From this point on you'll have a Linux environment every time to run the \cygwin\cygwin.bat file. But wait! You can do more. By adding the cygwin system directories to the Windows PATH variable, you can have all the Linux commands you know and love available from even the Windows command prompt. Go to Start -> Settings -> Control Panel -> System -> Advanced system settings -> Environment Variables and look for PATH. Select Path and then edit and add the cygwin executables paths (this is all one line):

C:\Program Files%SystemRoot%\system32;%SystemRoot%;%SystemRoot%\System32\Wbem;e:\cygwin\bin;e:\cygwin\sbin;e:\cygwin\usr\x11r6\bin;
Notice two things here: it's a real pain to set the Windows variables because of all the menus you have to navigate and, secondly, you can modify the PATH to arrange executables in whatever order you want. If you put the cygwin paths at the beginning of PATH variable, they will execute before a Windows command of the same name.

After all this you can now access the cygwin commands from a Windows command prompt or, optionally, execute the cygwin.bat batch file to login into the full cygwin environment. But you can do even more! Add Xwindows and you can run an xterm window with all the handy stuff xterm provides (copy-paste being what I use most). Cygwin has an x-server you can run from \cygwin\usr\x11r6\bin\startxwin.bat or, if in the cygwin environment (logged into cygwin), /cygwin/usr/x11r6/bin/ and you'll have an xwindow server running.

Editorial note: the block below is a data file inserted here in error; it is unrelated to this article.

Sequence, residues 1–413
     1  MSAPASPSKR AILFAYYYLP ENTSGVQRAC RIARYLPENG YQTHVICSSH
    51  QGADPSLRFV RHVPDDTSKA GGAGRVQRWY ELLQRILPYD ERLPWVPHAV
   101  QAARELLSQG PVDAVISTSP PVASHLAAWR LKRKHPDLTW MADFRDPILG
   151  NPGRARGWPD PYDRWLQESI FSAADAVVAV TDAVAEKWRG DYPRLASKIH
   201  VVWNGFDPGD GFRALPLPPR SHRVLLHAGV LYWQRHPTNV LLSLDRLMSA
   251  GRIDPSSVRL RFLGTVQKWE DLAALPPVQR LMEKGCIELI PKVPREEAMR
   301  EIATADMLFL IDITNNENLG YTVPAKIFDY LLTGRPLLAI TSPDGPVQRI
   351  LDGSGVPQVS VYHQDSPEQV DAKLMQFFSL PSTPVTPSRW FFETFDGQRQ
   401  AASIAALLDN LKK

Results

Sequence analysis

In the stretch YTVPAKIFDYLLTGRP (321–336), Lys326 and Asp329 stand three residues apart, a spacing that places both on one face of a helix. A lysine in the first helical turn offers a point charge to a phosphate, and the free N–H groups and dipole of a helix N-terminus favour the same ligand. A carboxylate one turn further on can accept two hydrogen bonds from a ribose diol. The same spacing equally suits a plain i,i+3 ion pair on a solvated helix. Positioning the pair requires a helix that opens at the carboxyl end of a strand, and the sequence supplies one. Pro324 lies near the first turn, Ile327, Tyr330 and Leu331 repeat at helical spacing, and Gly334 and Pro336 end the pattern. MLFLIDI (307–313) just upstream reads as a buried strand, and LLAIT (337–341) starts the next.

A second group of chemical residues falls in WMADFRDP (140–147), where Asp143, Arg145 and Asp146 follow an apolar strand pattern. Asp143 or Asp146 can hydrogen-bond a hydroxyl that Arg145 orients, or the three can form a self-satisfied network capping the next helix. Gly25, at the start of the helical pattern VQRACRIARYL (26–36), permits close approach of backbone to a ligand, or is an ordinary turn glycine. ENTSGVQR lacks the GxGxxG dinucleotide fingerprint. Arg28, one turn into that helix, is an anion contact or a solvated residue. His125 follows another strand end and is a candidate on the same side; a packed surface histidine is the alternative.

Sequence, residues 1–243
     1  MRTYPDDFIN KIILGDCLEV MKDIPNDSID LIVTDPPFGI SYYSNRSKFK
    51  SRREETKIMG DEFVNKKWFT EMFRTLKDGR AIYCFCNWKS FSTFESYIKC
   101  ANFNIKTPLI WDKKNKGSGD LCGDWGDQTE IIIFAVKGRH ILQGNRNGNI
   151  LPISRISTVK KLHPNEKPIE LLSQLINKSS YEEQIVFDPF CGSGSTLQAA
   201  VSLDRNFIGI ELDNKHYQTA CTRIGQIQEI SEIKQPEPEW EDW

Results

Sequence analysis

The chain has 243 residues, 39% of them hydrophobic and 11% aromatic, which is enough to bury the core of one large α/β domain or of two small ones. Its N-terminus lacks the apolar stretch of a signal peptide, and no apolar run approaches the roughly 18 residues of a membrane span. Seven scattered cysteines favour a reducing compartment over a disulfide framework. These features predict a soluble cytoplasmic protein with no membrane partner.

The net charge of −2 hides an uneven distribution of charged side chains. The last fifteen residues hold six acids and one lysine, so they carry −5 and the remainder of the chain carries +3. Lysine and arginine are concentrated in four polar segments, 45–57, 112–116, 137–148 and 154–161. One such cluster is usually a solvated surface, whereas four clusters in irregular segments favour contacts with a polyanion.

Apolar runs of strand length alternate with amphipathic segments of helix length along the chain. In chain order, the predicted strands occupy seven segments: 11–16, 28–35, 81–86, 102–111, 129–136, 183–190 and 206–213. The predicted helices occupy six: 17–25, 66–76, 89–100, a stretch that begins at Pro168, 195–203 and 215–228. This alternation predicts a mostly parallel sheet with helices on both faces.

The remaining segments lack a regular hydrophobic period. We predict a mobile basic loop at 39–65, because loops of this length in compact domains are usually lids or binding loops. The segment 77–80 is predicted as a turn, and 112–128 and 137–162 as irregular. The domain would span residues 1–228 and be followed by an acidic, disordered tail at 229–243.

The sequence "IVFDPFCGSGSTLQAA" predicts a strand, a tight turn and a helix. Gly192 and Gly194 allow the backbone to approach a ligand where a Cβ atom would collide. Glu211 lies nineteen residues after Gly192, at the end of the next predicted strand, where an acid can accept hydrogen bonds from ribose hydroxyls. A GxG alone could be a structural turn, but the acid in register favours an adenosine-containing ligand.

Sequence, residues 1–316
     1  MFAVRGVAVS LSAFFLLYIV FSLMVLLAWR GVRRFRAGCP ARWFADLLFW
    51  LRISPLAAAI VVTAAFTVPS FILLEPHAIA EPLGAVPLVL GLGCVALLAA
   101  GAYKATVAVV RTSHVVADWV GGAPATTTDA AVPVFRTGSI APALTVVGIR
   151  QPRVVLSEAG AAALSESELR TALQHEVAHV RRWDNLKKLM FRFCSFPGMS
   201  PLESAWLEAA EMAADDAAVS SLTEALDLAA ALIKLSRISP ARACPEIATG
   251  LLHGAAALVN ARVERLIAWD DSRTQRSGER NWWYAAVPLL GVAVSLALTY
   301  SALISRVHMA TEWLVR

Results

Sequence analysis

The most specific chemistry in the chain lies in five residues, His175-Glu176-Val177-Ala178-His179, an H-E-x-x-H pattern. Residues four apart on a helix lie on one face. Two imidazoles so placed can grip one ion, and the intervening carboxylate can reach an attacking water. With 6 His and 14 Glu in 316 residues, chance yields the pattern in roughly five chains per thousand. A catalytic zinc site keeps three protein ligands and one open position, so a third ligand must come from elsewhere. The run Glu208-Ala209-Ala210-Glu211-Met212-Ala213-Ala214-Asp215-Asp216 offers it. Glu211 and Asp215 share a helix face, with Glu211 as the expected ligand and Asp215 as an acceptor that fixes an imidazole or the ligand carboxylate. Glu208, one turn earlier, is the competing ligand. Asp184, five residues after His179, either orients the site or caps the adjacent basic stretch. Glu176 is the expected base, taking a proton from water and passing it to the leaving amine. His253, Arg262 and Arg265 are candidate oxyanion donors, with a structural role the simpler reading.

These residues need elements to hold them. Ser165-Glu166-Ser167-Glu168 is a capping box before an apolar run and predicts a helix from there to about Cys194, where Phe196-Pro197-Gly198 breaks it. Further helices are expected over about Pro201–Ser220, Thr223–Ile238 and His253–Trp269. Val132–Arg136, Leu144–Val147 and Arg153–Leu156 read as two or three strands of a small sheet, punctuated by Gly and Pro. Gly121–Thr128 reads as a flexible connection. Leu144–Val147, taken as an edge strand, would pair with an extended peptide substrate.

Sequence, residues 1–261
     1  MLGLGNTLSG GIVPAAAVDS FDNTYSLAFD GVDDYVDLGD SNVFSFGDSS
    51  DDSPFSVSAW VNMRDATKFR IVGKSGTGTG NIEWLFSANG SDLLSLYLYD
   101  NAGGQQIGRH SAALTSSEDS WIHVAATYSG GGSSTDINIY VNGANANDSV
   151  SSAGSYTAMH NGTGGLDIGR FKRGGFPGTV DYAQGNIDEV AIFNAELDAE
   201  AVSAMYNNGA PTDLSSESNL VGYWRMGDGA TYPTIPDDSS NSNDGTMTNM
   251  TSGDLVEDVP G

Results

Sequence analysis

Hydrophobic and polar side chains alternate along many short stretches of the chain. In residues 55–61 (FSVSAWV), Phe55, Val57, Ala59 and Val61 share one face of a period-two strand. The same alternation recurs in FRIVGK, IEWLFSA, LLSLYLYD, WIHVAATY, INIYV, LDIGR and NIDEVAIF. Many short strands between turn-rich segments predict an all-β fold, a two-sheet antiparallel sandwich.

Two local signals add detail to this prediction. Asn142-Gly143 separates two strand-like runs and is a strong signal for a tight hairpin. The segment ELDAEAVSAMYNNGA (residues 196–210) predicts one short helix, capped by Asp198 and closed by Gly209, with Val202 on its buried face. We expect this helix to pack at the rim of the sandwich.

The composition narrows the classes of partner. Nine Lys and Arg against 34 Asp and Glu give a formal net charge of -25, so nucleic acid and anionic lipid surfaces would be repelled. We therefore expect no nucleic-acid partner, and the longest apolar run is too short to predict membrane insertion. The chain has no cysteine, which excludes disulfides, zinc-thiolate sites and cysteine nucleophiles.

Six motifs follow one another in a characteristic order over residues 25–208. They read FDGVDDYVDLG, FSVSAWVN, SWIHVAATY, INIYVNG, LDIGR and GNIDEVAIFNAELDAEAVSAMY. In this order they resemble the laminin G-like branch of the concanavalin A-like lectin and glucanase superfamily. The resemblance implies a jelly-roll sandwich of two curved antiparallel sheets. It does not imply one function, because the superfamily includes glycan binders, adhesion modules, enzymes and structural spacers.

Edit the startxwin file and modify the line that starts xterm with whatever option you like (this is all one line):

xterm -geometry 91x50+180+30 -e /bin/bash -l
I had some trouble with the cygwin x-server so I switched to Xming And it works with no problems. I also generally use at least two xterms so I can copy and past between them.

Once you've configured your new Cygwin (Linux) environment, you can access all the commands and utilities it offers and create your own shell scripts to manage things much more efficiently (and a lot faster) in Windows. What's especially cool is that you now have all the Linux stuff available from the Windows command prompt (if you modified the Windows PATH variable) so you can run Linux commands as easily as Windows commands.

You can re-run the Cygwin setup.exe file any time to add or remove features so, if you miss something on the initial install, re-run setup.exe and select that feature. Cygwin will download and install it. Since most configuration files are plain text, you can easily modify a program by editing its configuration file. Cygwin even includes a good implementation of the vi editor (see this) for this kind of thing. For those of us who prefer a Linux environment but have to work in Windows, Cygwin is an excellent choice that provides all the good stuff.

Return to Contents Page